Enter 2010 and Leave Fear Behind

I cannot recall a more unsettling year in the more than 20 years that I’ve been involved in orthopaedics. Last year, 2009, began with a global economic meltdown and ended with many folks still scared into non-action. Fear and uncertainty reverberated down the halls of many a hospital and in the conference rooms of many an orthopaedic manufacturer. Patients postponed surgeries, admissions fell and hospitals tightened their belts. Some even cancelled surgeries due to budget constraints. Insurers questioned the necessity of procedures and more frequently deemed tried and true technologies to be “experimental.” FDA turned away more than one promising technology, resulting in failed businesses and damaged revenue streams.

And it all rolled downhill and settled at the doorstep of the orthopaedic manufacturer (and its supplier). In the end, our industry was better off than some and worse off than others.

The year marks the first in my memory of orthopaedic companies posting sales declines. Three large players in the arthroscopy segment showed decreases due to hospitals curtailing capital equipment purchases. Hip and knee sales for a few key players dropped as well, and suppliers felt the brunt, with two of the largest orthopaedic suppliers posting sales decreases of more than 20 percent, largely due to their bigger customers working down inventory.

Within orthopaedics, 2009 was characterized as one of intense price pressure in most segments of the market. An increased use of tenders outside the U.S. served to cap prices for many orthopaedic products. Zimmer repeatedly noted negative price, while DePuy reported slight declines in price throughout the year. Price was flat overall for Stryker for much of the year with Biomet witnessing neutral pricing for joint replacement in the U.S. and some slightly negative prices outside the U.S.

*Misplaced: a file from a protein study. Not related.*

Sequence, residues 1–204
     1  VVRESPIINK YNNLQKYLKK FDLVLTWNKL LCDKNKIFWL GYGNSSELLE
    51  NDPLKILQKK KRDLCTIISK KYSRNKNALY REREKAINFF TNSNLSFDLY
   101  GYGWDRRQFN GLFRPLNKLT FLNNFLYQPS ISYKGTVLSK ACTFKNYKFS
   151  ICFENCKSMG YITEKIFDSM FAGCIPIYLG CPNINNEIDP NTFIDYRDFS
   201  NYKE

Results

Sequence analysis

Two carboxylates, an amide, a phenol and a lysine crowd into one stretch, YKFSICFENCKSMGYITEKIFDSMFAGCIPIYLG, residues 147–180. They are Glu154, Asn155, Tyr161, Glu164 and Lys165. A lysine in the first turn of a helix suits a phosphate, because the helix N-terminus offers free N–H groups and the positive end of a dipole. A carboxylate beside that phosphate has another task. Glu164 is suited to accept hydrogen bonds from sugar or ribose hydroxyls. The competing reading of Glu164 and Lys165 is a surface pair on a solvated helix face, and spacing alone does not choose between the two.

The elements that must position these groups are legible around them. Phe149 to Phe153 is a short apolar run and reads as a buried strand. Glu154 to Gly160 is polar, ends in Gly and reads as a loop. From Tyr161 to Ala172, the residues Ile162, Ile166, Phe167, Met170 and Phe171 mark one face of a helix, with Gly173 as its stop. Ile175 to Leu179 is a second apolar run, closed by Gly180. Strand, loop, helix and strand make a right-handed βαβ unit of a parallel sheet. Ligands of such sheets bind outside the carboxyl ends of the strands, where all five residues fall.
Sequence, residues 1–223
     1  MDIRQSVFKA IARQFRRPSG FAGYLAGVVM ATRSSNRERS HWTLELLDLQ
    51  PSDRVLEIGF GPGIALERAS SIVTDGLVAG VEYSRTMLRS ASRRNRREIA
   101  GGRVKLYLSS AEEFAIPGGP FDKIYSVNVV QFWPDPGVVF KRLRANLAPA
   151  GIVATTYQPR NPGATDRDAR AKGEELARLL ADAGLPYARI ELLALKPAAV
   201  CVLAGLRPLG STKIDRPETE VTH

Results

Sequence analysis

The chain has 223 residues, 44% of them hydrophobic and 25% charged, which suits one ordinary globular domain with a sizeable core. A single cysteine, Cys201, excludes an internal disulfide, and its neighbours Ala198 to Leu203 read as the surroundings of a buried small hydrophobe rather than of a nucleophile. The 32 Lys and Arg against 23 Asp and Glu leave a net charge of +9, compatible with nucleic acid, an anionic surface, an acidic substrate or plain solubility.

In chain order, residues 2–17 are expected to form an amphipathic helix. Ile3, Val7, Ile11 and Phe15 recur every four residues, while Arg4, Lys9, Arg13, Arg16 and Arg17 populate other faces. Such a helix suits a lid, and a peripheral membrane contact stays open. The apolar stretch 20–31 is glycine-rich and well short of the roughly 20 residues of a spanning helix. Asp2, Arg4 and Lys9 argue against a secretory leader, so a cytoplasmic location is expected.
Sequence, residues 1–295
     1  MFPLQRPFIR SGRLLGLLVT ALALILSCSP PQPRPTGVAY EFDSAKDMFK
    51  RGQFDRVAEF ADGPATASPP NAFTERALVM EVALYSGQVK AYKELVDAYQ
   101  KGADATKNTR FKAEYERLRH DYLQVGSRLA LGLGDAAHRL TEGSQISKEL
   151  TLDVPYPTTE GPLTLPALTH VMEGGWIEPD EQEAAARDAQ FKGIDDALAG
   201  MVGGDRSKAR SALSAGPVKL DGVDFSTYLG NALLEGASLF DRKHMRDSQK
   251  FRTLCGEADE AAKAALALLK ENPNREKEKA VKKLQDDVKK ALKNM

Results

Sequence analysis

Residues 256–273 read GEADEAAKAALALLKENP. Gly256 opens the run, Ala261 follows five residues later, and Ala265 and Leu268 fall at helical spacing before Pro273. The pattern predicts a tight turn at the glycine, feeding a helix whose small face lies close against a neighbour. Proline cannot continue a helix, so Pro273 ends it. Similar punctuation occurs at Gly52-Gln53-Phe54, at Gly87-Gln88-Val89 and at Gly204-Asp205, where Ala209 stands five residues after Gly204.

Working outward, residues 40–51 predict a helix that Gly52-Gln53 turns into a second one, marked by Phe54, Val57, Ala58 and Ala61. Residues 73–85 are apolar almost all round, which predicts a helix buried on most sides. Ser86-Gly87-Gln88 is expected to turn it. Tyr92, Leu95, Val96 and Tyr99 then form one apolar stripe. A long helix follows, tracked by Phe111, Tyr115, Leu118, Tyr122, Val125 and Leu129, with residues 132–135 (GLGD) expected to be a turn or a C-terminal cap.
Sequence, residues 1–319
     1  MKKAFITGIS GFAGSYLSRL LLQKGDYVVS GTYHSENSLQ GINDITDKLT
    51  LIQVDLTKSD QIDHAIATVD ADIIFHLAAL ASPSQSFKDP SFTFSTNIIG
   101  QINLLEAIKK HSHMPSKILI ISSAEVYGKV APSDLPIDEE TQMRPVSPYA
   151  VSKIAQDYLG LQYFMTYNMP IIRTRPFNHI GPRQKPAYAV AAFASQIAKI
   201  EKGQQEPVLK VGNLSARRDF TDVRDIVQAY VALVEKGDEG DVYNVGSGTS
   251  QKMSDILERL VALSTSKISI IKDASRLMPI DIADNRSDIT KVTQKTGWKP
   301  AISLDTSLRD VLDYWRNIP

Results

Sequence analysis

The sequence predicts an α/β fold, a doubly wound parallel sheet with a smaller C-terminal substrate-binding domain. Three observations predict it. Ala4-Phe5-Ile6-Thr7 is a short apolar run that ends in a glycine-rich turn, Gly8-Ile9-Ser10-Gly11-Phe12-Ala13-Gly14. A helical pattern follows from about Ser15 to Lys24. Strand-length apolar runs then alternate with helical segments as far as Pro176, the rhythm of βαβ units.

We had initially thought that the trauma market would be fairly well insulated from economic moodiness around the world. Wrong we were. The segment’s growth did decline. More than one manufacturer attributed the decrease in market growth to less construction and fewer people travelling by car. In addition, less discretionary income left more people at home and not on the ski slopes (or other sports venues), where they would have incurred certain kinds of fractures.

Spine companies, too, felt some intense price pressure, although not as much pushback on procedures as in joint replacement. A typically younger and working age patient was more likely to seek surgery to ensure a return to work (and a living). At the same time, more than one manufacturer faced reimbursement challenges for technologies and procedures that have been in use with good results for a number of years.

Hardest hit of all market segments in 2009 was that for capital equipment products like arthroscopes, cameras, etc., which are an integral part of many hospital operating rooms. Three of the arthroscopy market’s leading companies – ConMed, Smith & Nephew and Stryker – posted negative growth in capital equipment product sales off and on throughout the year, and these are businesses that two years ago were growing in excess of ten percent (nearly 20 percent for Stryker!).

On the bright side, the curtailing of spending on big ticket items by hospitals started to relax in the second half of 2009, in the U.S. at least. (Europe lags behind in recovery.) Several joint replacement companies noted more patients coming in for surgeries, and a colder winter may contribute to an increase in falls, which would help to renew some vigor in the trauma segment.